SNP’s outlook in a nutshell: Like PTR, Sinopec is expected to face difficultly due to high oil prices compressing margins. Unlike, PTR however, SNP is much more vulnerable to the current government tax reductions for crude importation; SNP currently imports roughly 80% of the crude oil it refines. Good news for SNP is that it appears the VAT reductions should remain in place through Q3, but any changes to that could significantly impact SNP’s bottom line. Even with the recent drop in WTI prices it has been reported by company officials by the Xinhua news agency that the company’s break-even point is a WTI price of around USD80, far below current levels. Given this pricing pressure I see limited upside for SNP. It is also hard to predict what type of government intervention may take place to support the local energy industry, given this unknown it is an area I would like to avoid. (Expected Q208 Earnings Report 8/25/08)

Events which could improve outlook:

  • Slowdown in global oil prices.
  • Increase in domestic price caps for refined products.
  • Greater expansion at its Tahe oil-field.
  • New oil-field discoveries bolstering E&P earnings

Events which could deteriorate outlook:

  • Further drop in refining margins.
  • Any changes to reduce the magnitude or length of the VAT subsidies.
  • New or stronger government regulations which could increase PTR’s cost.

SNP vs. Hang Seng

Source: Bloomberg

CNOOC (CEO, Outperform): CNOOC Limited, through its subsidiaries, explores, develops, produces, and sells crude oil and natural gas. (Bloomberg)

CEO’s outlook in a nutshell: Unlike PTR & SNP, CEO has significant exposure to E&P, which in a period of high oil prices should add considerably to the bottom line. At the same time, CEO has recently started production at its Xijuan 23-1 oil field and has numerous more scheduled to go online during the remainder of 2008. This should help CEO reach their roughly 15% production increase from last year. All in all, in the current oil piece environment, and with numerous projects already or nearly ready to go online we believe CEO is a good play in the Chinese energy sector. (Expected Q208 Earnings Report 8/27/08)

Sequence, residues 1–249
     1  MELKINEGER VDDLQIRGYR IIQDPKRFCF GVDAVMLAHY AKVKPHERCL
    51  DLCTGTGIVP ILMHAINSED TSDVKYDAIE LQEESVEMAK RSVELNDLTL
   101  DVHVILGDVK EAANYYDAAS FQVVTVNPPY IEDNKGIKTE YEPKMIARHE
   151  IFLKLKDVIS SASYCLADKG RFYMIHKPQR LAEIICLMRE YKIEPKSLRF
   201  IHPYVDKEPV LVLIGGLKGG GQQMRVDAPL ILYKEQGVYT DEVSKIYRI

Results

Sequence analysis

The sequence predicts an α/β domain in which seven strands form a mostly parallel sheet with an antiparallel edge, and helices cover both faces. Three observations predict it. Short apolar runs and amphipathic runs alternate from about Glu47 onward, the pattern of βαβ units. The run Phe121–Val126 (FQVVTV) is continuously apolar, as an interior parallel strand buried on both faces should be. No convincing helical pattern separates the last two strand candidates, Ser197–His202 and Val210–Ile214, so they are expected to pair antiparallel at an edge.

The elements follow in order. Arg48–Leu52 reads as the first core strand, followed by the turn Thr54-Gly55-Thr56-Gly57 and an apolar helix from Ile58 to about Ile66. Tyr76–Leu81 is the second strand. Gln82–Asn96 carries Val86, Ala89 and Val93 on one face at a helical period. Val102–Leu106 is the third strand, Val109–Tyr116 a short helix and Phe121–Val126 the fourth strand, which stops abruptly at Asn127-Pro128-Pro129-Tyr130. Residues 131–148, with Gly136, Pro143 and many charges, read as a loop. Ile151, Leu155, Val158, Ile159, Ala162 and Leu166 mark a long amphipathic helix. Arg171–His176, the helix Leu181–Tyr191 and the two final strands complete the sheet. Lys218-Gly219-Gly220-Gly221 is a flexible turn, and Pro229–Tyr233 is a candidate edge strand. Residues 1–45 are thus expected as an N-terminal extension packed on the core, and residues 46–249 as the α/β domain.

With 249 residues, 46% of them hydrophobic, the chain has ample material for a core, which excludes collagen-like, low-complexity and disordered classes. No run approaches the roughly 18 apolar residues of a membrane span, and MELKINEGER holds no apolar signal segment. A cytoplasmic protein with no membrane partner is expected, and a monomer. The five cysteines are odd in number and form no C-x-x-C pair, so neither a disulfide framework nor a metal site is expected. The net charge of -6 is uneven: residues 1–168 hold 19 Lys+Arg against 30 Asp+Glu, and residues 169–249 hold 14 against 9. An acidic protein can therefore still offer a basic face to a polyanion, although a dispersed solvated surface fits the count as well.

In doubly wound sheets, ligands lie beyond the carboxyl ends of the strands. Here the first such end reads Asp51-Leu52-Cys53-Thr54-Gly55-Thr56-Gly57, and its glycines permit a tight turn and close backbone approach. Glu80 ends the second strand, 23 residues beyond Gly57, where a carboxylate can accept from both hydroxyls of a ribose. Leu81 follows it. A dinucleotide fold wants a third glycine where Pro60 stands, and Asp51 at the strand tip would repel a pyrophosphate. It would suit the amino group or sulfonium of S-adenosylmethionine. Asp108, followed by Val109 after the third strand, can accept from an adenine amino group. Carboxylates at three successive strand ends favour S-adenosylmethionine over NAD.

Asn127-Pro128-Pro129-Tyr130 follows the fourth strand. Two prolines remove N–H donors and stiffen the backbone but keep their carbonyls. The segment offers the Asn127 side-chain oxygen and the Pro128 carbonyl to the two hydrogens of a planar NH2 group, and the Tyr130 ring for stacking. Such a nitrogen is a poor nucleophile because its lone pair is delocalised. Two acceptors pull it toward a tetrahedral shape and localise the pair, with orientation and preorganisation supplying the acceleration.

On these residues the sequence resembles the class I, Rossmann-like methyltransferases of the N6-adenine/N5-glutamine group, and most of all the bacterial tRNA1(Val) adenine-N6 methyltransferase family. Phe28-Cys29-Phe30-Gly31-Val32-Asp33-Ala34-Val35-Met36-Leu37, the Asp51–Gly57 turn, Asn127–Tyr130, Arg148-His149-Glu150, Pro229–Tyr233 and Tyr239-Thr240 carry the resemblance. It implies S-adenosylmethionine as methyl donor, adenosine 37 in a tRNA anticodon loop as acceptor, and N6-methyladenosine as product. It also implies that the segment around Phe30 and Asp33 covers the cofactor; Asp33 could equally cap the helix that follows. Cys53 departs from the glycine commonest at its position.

Events which could improve outlook:

  • Higher international oil prices.
  • New oil and/or gas discoveries could improve CEO’s long-term outlook
  • Better than expected production especially at newly operational Xijian 23-1 oil field or others scheduled to come on line this year.

Events which could deteriorate outlook:

  • A significant drop in global oil prices
  • Not reaching 2008’s target production growth.
  • Increased costs which could impact the bottom line.

CEO vs. Hang Seng

Source: Bloomberg

Yanzhou Coal Mining (YZC, Outperform): Yanzhou Coal Mining Company Limited operates underground mining and coal preparation and operation businesses. Its products are sold in domestic and international markets. The Company also provides railway transportation services. (Bloomberg)

YCZ’s outlook in a nutshell: Like its oil and gas counter parts YZC is susceptible to Chinese government price control policies. Despite this coal prices have remained elevated and this should benefit YCZ’s bottom line. Looking at YZC’s 1Q08’s earning release it would appear that YCZ has begun to shift its focus to producing coking coal vs. thermal coal, which has helped company margins. WE believe this trend will continue for the following reasons: According to a Wall Street Journal article coking coal, unlike thermal coal, isn’t effected by recent government price caps. At the same time the article quotes UOB Kayhian analyst Karen Li as saying, “We are bullish on China’s coking-coal sector because of the current tight-market-supply situation.” YZC saw profits from coking coal exceed that of thermal coal for the first time in 2007. Addtionally, YZC owns a majority stake in a new methanol project, which is scheduled to begin production this year. The operation will use thermal coal to produce ethanol, with the first deliveries being made in 2H08. All in all, factoring out any potential government intervention further regulating coals prices or impacting YZC’s cost, we believe YZC is a good play in the Chinese energy market. (Expected Q208 Earnings Report 8/15/08)